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They've been the NHL's model of consistency, with 10 consecutive years in the postseason and an average of more than 106 points per 82 games played.

Now, the San Jose Sharks are – apparently – talking about tearing it down.

"We now become a tomorrow team," was how general manager Doug Wilson put it rather dramatically earlier this week, raising eyebrows around the league. "When you spell that out, it does create a response."

The most appropriate response, even in light of their first round playoff exit, is: Why?

If anything, the Sharks are a team that's better positioned to succeed now than ever. They have young talent coming up through the system that can play a key role at a discount price, and if they pull the trigger on a couple of buyouts this week, they can also afford to spend $8-million or so to reload.

This is a team that finished with 111 points this season – tied for fourth in the league – even with mediocre goaltending, and they were one of the most dominant puck possession teams in the league (ranked third).

They also took the eventual Stanley Cup champion Los Angeles Kings to seven games in the first round – albeit by frittering away a 3-0 series lead – and beat them five times between the regular season and playoffs.

A retooling is one thing, but this is not a group that need a total overhaul.

"It comes with some pain," Wilson said of a potential rebuild. "The timeframe of that rebuild will be based upon the players that get added, the growth of some of the players that we have and how we manage it."

There's some discussion in San Jose over what exactly "rebuild" really means here, and whether or not Wilson is merely putting up a smokescreen that will allow him to deal a popular veteran.

If so, that's a workable solution, if only to change the mix.

The reality is every core piece they have aside from Joe Thornton, Patrick Marleau and netminder Antti Niemi is under 30 years old. Even with Dan Boyle gone via trade already, the Sharks can easily move out one or two of those vets for younger assets, change the makeup of their team and still continue to compete with the Kings and Chicago Blackhawks.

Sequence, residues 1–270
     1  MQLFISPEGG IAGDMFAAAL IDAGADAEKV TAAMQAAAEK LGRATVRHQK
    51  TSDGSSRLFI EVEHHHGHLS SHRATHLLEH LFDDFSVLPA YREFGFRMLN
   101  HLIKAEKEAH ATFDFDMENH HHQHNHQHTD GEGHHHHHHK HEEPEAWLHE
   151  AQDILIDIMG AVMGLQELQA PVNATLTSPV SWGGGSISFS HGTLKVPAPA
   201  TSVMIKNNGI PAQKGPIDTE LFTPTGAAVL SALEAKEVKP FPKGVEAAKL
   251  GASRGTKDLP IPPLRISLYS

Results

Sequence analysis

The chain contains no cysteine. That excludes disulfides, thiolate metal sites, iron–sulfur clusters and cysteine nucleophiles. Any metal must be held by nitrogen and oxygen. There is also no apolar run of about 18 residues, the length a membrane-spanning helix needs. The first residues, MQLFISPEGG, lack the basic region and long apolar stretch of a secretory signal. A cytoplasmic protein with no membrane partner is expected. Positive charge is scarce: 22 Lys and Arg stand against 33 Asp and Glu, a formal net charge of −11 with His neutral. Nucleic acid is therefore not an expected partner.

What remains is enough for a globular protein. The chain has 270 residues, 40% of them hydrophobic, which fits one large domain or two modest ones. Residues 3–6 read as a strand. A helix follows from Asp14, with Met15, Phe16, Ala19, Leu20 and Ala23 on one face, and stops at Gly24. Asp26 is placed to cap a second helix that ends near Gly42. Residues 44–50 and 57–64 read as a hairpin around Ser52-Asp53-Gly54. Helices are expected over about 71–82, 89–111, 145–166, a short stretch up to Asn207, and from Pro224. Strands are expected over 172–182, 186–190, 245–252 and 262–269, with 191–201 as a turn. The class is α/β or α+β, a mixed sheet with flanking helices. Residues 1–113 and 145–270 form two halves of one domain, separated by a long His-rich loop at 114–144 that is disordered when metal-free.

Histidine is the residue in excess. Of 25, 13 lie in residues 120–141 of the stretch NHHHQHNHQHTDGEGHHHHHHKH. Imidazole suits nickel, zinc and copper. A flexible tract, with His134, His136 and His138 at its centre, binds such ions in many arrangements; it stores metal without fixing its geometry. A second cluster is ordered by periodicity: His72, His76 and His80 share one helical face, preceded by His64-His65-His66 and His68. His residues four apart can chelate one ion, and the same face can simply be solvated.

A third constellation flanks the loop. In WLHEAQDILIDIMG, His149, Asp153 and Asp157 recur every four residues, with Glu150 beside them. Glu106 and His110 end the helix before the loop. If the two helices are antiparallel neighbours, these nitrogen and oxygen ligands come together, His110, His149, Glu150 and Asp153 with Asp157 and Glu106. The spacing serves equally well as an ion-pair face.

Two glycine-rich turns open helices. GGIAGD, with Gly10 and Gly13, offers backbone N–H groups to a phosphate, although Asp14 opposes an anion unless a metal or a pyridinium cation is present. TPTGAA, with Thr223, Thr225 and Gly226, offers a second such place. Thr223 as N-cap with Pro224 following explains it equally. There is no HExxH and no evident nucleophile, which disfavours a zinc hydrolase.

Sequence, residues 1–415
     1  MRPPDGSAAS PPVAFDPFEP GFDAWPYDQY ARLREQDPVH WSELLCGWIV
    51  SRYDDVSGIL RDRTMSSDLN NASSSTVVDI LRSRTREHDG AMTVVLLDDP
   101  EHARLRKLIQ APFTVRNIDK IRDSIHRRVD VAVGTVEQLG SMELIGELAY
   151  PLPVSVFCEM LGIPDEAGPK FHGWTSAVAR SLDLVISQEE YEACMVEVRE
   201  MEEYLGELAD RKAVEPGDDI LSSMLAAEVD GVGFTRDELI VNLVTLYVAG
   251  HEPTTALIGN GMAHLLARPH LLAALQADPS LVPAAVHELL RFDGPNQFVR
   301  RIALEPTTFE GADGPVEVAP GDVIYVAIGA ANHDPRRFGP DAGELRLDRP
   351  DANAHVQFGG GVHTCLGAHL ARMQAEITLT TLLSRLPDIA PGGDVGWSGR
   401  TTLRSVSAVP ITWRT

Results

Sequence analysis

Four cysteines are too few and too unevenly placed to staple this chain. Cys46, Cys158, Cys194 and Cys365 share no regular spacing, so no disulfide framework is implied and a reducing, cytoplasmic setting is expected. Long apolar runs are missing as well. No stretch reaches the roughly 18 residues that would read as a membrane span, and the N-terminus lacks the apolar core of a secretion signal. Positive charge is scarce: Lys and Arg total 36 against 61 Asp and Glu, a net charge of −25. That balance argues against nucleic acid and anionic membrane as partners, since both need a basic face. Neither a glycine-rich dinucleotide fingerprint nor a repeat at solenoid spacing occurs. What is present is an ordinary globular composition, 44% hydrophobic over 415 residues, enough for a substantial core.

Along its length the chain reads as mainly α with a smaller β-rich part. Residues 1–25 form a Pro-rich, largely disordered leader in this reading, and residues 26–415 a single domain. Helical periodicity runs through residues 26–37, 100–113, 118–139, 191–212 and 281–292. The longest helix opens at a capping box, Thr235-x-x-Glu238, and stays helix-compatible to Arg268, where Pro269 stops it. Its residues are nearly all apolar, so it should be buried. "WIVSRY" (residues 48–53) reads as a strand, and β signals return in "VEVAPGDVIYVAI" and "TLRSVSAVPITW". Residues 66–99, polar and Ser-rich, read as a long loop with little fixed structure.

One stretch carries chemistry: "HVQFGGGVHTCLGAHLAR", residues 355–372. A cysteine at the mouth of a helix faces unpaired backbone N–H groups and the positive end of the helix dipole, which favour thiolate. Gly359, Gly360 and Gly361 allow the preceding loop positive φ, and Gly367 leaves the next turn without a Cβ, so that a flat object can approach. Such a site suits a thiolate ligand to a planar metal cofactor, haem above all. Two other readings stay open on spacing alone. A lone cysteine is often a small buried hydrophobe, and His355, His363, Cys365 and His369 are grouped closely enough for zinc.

That's not an easy assignment for any organization, but this notion San Jose doesn't have the horses to pull it off is flat out wrong.

One of the biggest issues in their series with the Kings was the fact that top defenceman Marc-Edouard Vlasic went down with an injury and missed most of the final three games, which pressed the likes of Jason Demers and Matt Irwin into big minutes.

The other problem was Niemi posted an .849 save percentage after the Sharks went up 3-0.

Other than that, they were ridiculously close to knocking off the best team in the league. The shots on goal in the series were 179-179 at even strength, and in close situations, San Jose more than held its own in terms of controlling play (50.7 per cent possession).

The best course of action for Wilson, in other words, isn't to blow things up. Or anything close.

Replacing Niemi is one low-risk option, especially with Ryan Miller available in free agency and his likely willingness to take a discount to play in California.

The Sharks, meanwhile, can easily replace Boyle by returning Brent Burns to the blueline and making an add in free agency, something that will change the mix and potentially give them more depth.

Given they want a culture change, trading either Thornton or Marleau still remains highly likely – but that kind of major move isn't necessarily fatal, provided they get the right return.

What Wilson can't do is follow the path of other franchises that overreacted to some hard luck in the playoffs – i.e. Washington after its first-round loss in 2010 – and abruptly changed course.

San Jose may have this reputation for failure based on never getting past the third round, but the only way this is a "tomorrow team" is if management forcibly turns it into one.

Wilson may simply be trying to lower expectations, but this is a franchise as close as it's ever been to making an impact in the playoffs – and rebuild shouldn't even be in the vocabulary.

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